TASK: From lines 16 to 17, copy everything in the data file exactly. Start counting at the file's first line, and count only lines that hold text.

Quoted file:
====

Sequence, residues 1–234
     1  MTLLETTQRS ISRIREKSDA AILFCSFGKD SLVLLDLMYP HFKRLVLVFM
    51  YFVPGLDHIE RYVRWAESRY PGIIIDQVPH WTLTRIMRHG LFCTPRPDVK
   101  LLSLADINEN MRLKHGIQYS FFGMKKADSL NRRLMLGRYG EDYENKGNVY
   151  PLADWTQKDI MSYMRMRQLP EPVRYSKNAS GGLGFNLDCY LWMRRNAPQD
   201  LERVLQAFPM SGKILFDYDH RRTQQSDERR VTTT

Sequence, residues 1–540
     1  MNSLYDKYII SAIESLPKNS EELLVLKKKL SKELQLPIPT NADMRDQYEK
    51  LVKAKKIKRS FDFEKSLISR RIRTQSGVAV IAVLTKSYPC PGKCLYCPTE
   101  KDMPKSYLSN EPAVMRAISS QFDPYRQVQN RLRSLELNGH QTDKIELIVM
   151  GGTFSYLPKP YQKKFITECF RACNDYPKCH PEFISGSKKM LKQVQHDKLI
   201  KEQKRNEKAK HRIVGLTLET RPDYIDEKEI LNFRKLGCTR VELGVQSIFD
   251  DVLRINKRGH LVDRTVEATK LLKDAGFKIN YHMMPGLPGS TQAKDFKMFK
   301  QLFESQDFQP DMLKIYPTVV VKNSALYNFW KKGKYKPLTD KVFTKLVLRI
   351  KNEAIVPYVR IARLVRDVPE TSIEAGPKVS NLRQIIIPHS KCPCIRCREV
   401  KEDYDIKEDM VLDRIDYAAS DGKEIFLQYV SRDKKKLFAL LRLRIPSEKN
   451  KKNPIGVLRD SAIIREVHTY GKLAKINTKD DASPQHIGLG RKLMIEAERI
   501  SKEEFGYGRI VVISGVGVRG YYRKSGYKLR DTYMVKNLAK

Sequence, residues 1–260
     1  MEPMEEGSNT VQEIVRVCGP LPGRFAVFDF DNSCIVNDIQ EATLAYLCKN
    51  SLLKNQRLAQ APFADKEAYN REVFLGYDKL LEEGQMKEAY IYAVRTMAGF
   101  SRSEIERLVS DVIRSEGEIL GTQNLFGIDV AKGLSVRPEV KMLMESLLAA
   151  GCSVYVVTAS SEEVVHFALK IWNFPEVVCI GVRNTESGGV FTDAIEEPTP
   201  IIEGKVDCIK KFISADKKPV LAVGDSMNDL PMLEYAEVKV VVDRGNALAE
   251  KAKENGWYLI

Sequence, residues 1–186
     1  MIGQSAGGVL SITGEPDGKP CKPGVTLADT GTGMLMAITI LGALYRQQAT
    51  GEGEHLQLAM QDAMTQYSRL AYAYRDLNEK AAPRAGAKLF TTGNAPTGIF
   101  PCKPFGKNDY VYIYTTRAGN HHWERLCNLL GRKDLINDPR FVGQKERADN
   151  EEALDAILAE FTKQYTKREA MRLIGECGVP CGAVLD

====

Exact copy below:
   401  KEDYDIKEDM VLDRIDYAAS DGKEIFLQYV SRDKKKLFAL LRLRIPSEKN
   451  KKNPIGVLRD SAIIREVHTY GKLAKINTKD DASPQHIGLG RKLMIEAERI